It's official: Activision Blizzard (NASDAQ:ATVI) is a mobile game company. Mobile has been the largest source of the company's player pool since it acquired King Digital Entertainment in 2016, bringing the millions of people who play games like Candy Crush and Bubble Witch under its wing. 

But after 150 million people downloaded Call of Duty Mobile last fall, it's becoming clear that the company has tremendous untapped potential to release mobile versions of its PC and console franchises on mobile platforms. 

Increasing the audience reach for its games has been a key strategic pillar for Activision, but its monthly active users (MAUs) had been steadily declining over the last few years, falling to 316 million in the third quarter. Now, with 409 million users, Activision Blizzard is well-positioned to return to growth.

Game art of Call of Duty Mobile, with two soldiers dressed in combat gear and holding weapons.

Image source: Activision Blizzard.

A rejuvenated player base

A year ago, management announced that 2019 would be a transition year as they cut costs in order to invest more in new content for existing franchises. The current momentum in the Call of Duty franchise reflects those efforts.

Call of Duty: Modern Warfare, which released on PC and console in October, saw unit sell-through increase by a double-digit percentage compared to the previous installment in the series. While the company doesn't report revenue for individual franchises, the Activision segment (including Call of Duty), reported revenue of $1.43 billion for the quarter, a slight increase year over year. 

Further, the release of Call of Duty on mobile devices nearly tripled the Activision segment's monthly active users (MAUs). However, that increase didn't translate to a proportional jump in revenue for the segment because the mobile title is free to download.

Segment Q4 2019 MAUs Q4 2018 MAUs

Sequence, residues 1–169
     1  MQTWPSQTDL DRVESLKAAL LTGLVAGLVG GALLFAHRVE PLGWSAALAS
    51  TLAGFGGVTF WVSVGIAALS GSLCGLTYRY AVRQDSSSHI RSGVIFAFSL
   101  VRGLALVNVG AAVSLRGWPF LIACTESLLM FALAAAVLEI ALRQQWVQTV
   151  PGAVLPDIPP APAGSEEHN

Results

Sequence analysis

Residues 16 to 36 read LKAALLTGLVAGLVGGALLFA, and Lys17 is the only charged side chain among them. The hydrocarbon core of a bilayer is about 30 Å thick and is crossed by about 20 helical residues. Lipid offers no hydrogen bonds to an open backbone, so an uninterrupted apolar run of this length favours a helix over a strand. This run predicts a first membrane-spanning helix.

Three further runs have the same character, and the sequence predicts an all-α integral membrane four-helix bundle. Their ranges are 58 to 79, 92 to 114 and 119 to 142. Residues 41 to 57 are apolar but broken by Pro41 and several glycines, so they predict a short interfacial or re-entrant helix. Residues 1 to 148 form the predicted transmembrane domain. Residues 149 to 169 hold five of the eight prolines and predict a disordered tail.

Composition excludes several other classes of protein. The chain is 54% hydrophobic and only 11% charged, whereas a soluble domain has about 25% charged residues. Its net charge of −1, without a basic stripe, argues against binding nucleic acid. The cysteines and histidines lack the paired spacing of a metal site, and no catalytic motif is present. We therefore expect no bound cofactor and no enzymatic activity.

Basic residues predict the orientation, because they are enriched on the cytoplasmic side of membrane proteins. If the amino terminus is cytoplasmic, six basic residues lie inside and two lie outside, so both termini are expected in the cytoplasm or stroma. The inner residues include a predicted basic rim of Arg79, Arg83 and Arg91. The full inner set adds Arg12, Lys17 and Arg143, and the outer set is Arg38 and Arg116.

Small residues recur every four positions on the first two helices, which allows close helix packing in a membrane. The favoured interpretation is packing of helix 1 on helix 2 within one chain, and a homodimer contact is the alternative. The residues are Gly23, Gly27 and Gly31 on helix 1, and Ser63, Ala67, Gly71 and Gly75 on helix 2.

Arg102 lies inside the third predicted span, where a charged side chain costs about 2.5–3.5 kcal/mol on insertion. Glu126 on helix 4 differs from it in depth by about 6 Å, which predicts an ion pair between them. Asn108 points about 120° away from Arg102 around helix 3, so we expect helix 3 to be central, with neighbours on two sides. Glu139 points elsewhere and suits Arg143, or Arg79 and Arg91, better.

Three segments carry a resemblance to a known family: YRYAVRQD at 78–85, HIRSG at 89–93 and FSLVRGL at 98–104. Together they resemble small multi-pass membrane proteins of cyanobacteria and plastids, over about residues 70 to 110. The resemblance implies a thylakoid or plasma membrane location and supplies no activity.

Activision 128 million 53 million
Blizzard 32 million 35 million
King 249 million 268 million

Data source: Activision Blizzard. MAU = monthly active users.

On the Blizzard side, the launch of World of Warcraft Classic last summer has more than doubled the number of subscribers for Blizzard since the second quarter. For those who aren't aware, World of Warcraft (WoW) is a subscription-based online multiplayer title that has been around for many years, but the release of WoW Classic is creating a whole new level of interest in the game.

"The remarkable growth of the WoW community represents an important proof point of the value and potential of our established franchises," CEO Bobby Kotick said, and added, "And it has energized our development team as we develop new content for all of our key franchises." 

Advertising potential

Kotick highlighted the opportunity to monetize these new players, stating, "We have the ability to provide our audiences with a variety of ways to enjoy our content with monetization through subscriptions, premium digital purchases, digital native advertising, and a variety of other player investment mechanisms." 

The advertising component will come in to play more and more over the next decade. "Franchises like Call of Duty offer advertisers a very-difficult-to-reach target," Kotick said. The game maker has been quietly developing the expertise of in-game advertising since it acquired King. 

King has been ramping up in-game ads for its mobile titles. In the fourth quarter, King's advertising revenue increased by 80% year over year, likely contributing a small amount to the segment's fourth-quarter sales of $503 million. Now, Kotick wants to apply what it learned to Call of Duty Mobile's installed base of 100 million players. 

"The business model for Call of Duty Mobile is free to play, which enables the rapid development of a large community of players with the option to purchase digital items and services, as well as our ability to generate advertising revenues," as Kotick explained. 

Casting a wider net

To drive more growth, look for Activision to release more mobile versions for its top franchises over time. Diablo Immortal has already been announced, but other good candidates for the mobile treatment are Starcraft and Overwatch

While management will remain committed to these titles on PC, where Blizzard has its roots, Kotick said, "We see mobile is also a way to attract players that we don't currently reach on PC and console." The upcoming release of Diablo Immortal will be Blizzard's first crack at converting a traditional PC title to mobile, but Kotick said they "think the mobile opportunity for Blizzard overall is very substantial."